Cosmic CARNage II: the evolution of the galaxy stellar mass function in observations and galaxy formation models

Asquith, Rachel and Pearce, Frazer R. and Almaini, Omar and Knebe, Alexander and Gonzalez-Perez, Violeta and Benson, Andrew and Blaizot, Jeremy and Carretero, Jorge and Castander, Francisco J. and Cattaneo, Andrea and Cora, Sofía A. and Croton, Darren J. and Devriendt, Julien E. and Fontanot, Fabio and Gargiulo, Ignacio D. and Hartley, Will and Henriques, Bruno and Lee, Jaehyun and Mamon, Gary A. and Onions, Julian and Padilla, Nelson D. and Power, Chris and Srisawat, Chaichalit and Stevens, Adam R.H. and Thomas, Peter A. and Vega-Martínez, Cristian A. and Yi, Sukyoung K. (2018) Cosmic CARNage II: the evolution of the galaxy stellar mass function in observations and galaxy formation models. Monthly Notices of the Royal Astronomical Society . ISSN 0035-8711

[img]
Preview
PDF - Requires a PDF viewer such as GSview, Xpdf or Adobe Acrobat Reader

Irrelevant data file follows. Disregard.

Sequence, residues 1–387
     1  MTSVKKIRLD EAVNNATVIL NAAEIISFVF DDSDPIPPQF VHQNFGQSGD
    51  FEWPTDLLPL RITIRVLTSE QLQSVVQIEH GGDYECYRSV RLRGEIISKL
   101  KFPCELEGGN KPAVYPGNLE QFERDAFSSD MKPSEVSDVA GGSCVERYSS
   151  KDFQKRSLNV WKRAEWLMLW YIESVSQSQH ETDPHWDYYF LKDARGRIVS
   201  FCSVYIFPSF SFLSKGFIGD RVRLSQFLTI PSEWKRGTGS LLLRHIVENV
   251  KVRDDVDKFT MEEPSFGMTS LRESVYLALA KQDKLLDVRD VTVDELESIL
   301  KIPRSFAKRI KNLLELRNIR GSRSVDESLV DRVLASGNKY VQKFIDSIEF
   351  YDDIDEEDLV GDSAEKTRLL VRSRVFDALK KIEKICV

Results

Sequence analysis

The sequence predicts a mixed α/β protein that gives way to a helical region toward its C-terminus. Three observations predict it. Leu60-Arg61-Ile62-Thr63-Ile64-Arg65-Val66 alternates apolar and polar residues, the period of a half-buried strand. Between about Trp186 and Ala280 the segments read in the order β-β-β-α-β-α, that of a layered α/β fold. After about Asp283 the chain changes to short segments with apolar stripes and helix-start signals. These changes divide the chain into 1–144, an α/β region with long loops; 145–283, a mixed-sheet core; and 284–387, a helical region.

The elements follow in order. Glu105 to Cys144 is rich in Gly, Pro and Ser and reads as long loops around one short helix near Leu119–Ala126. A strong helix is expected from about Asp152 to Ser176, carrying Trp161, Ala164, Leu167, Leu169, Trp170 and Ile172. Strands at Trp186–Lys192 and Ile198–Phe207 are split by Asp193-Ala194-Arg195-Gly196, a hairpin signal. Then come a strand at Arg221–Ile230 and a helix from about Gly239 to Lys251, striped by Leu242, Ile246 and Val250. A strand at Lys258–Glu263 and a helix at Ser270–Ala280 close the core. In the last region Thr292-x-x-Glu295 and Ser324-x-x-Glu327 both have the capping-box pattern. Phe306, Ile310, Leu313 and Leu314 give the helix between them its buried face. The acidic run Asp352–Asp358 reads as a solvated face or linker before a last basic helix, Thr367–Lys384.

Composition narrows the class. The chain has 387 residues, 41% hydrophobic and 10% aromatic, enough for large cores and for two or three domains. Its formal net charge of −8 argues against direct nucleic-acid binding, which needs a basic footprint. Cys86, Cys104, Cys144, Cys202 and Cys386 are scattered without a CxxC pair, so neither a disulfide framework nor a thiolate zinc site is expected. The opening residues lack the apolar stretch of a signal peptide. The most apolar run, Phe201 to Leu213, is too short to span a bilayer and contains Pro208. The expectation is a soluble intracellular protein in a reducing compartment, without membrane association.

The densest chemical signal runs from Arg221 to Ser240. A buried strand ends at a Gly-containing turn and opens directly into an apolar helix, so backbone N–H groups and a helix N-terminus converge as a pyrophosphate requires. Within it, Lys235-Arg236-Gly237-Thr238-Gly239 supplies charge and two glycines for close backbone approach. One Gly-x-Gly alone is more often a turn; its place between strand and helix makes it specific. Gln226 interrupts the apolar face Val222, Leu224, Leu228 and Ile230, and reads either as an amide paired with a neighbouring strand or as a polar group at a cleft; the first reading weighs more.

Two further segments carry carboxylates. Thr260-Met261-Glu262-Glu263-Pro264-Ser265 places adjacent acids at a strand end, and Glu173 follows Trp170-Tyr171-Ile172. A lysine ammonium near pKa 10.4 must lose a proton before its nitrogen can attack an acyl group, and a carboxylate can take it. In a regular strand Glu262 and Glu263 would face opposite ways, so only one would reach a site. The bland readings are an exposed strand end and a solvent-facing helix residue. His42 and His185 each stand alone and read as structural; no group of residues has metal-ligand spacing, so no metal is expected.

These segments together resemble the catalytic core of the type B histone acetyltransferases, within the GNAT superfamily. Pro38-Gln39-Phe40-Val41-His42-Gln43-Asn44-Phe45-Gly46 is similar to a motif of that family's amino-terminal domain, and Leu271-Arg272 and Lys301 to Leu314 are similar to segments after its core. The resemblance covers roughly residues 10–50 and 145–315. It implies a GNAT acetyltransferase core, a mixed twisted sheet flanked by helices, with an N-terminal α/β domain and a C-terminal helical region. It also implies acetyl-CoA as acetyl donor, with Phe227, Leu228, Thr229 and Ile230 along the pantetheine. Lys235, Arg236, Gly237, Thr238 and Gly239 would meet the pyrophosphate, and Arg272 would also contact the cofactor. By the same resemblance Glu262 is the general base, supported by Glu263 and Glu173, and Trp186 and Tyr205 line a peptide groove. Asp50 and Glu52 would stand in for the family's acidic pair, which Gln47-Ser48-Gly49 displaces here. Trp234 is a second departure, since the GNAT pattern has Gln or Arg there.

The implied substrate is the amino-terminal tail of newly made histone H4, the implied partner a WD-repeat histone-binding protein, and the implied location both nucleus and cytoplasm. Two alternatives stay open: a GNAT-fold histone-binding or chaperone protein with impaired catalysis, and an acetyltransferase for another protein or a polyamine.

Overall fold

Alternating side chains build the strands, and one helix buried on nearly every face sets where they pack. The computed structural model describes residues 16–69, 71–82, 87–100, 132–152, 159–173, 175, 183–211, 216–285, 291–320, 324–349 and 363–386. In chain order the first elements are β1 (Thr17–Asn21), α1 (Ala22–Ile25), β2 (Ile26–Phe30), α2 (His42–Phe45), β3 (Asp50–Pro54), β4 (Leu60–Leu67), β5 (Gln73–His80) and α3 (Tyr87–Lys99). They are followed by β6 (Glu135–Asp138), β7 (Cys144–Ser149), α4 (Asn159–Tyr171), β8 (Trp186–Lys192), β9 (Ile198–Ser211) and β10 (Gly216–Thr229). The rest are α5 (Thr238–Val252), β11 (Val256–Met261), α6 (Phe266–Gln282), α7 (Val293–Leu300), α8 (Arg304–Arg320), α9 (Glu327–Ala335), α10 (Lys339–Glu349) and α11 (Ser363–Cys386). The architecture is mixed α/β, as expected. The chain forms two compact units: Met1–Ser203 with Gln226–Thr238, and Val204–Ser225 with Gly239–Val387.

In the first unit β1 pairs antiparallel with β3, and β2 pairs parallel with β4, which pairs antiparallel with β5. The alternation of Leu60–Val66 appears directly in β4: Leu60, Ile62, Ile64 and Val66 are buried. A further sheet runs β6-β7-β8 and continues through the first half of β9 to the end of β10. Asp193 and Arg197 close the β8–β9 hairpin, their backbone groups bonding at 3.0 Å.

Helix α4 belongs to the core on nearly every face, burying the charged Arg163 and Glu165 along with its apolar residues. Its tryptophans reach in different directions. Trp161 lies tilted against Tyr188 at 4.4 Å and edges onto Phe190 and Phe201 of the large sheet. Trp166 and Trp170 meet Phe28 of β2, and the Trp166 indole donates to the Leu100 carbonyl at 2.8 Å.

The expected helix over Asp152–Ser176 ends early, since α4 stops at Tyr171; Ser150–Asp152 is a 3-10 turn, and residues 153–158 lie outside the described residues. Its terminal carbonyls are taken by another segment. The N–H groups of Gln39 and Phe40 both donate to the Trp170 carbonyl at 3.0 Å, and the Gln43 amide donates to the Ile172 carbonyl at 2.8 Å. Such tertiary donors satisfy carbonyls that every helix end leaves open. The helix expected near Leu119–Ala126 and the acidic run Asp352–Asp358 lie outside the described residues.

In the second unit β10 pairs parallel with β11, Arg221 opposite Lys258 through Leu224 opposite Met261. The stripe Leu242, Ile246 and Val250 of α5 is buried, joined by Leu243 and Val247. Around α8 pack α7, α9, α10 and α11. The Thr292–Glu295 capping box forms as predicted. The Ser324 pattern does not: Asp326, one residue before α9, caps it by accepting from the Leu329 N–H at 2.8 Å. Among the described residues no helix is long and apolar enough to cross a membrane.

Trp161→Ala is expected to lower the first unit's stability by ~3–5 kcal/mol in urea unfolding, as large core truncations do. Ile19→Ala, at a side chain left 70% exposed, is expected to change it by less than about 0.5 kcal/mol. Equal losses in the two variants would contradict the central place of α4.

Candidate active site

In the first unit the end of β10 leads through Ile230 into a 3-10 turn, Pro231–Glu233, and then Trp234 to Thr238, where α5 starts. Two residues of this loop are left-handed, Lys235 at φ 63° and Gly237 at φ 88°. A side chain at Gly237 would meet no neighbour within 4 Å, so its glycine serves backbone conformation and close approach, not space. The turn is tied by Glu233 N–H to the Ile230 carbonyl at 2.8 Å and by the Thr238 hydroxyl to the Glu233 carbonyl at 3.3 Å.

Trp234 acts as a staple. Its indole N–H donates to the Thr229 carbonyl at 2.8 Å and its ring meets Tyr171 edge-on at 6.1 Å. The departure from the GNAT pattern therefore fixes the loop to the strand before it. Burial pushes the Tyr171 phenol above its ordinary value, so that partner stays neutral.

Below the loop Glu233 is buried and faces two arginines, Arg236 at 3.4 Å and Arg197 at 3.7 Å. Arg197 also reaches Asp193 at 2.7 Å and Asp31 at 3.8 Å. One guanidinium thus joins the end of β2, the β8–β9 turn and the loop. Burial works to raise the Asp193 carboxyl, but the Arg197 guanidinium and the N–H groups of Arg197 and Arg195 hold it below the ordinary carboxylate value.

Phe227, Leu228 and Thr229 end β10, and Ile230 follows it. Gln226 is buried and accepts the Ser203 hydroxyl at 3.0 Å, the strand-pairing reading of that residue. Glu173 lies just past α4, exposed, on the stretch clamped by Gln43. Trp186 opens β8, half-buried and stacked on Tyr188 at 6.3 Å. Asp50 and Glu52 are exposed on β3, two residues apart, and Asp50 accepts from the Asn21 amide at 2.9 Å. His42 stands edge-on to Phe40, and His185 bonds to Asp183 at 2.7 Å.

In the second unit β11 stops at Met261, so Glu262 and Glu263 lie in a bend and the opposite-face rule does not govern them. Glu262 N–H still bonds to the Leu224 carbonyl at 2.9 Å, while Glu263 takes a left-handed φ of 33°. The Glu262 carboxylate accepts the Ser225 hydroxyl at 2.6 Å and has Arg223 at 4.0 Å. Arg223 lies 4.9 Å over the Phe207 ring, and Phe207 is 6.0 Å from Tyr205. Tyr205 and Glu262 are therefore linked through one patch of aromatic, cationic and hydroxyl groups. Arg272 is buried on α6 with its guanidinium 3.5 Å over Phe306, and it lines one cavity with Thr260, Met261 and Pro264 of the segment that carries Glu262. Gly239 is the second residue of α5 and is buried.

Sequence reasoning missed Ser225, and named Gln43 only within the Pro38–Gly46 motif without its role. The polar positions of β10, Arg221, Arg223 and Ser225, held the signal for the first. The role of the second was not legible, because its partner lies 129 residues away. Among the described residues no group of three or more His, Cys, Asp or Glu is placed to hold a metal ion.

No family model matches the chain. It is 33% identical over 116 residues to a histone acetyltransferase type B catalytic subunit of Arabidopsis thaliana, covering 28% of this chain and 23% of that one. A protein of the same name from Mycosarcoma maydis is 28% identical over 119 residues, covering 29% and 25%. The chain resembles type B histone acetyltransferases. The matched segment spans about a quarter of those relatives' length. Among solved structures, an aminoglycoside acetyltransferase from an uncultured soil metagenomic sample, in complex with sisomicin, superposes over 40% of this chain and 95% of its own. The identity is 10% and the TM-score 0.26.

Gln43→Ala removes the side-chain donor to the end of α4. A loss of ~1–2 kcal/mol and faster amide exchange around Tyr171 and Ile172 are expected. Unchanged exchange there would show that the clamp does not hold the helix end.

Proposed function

Download (1MB) | Preview

Abstract

We present a comparison of the observed evolving galaxy stellar mass functions with the predictions of eight semi-analytic models and one halo occupation distribution model. While most models are able to fit the data at low redshift, some of them struggle to simultaneously fit observations at high redshift. We separate the galaxies into ‘passive’ and ‘star-forming’ classes and find that several of the models produce too many low-mass star-forming galaxies at high redshift compared to observations, in some cases by nearly a factor of 10 in the redshift range 2.5 < z < 3.0. We also find important differences in the implied mass of the dark matter haloes the galaxies inhabit, by comparing with halo masses inferred from observations. Galaxies at high redshift in the models are in lower mass haloes than suggested by observations, and the star formation efficiency in low-mass haloes is higher than observed. We conclude that many of the models require a physical prescription that acts to dissociate the growth of low-mass galaxies from the growth of their dark matter haloes at high redshift.

Item Type: Article
Keywords: methods:numerical, galaxies:haloes, galaxies: evolution, cosmology:theory, dark matter
Schools/Departments: University of Nottingham, UK > Faculty of Science > School of Physics and Astronomy
Identification Number: https://doi.org/10.1093/mnras/sty1870
Depositing User: Eprints, Support
Date Deposited: 17 Jul 2018 09:02
Last Modified: 17 Jul 2018 14:45
URI: http://eprints.nottingham.ac.uk/id/eprint/52981

Actions (Archive Staff Only)

Edit View Edit View